How do I know if my dog is a candidate for agility training?
Many types of dogs can excel at agility. Currently, the sport is dominated by Border Collies and Shetland Sheepdogs, but that doesn’t mean that other breeds don’t compete at the highest levels. In fact, each breed has its own competition statistics, and every year the top dogs in each breed are honored.
Body type and temperament dictate success. Dogs with bendable, sleek bodies and long legs seem born to do agility. Drive (that is, energy backed by determination) and a keen mind are also important, and mixed breeds with these traits have the potential to compete at the top.
Some dogs, however, are not born to do agility. The amount of learning required, plus the environmental stress, may be too much for a shy or insecure dog to cope with. Even with training, some won’t be able to overcome their fears. Dogs with a particularly high prey or chase drive must have their obedience skills well in place before they pursue the sport (as they can easily become overstimulated), and overweight or older dogs should opt for special low-impact programs.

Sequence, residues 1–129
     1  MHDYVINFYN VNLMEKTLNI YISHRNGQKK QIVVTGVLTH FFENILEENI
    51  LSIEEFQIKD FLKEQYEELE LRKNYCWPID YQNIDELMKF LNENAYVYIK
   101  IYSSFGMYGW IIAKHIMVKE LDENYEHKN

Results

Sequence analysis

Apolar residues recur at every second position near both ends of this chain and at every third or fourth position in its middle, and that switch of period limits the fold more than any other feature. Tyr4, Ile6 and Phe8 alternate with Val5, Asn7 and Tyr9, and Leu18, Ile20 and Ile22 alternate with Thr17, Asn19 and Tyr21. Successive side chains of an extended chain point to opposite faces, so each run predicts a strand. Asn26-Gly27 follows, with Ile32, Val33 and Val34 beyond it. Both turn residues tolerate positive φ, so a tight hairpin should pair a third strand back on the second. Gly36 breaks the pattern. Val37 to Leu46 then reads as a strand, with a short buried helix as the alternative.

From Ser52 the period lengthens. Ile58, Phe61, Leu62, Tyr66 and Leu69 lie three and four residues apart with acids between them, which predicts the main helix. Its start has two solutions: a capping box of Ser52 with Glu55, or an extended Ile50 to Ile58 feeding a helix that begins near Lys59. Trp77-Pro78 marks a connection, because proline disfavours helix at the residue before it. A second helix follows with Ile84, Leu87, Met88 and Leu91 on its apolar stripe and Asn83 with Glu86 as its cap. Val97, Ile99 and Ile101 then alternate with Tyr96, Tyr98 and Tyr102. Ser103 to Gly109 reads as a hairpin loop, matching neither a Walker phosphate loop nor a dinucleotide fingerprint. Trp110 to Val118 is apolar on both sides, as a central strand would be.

Probably the single most important factor in agility success is a strong owner-dog bond. In this sport, team work is the name of the game.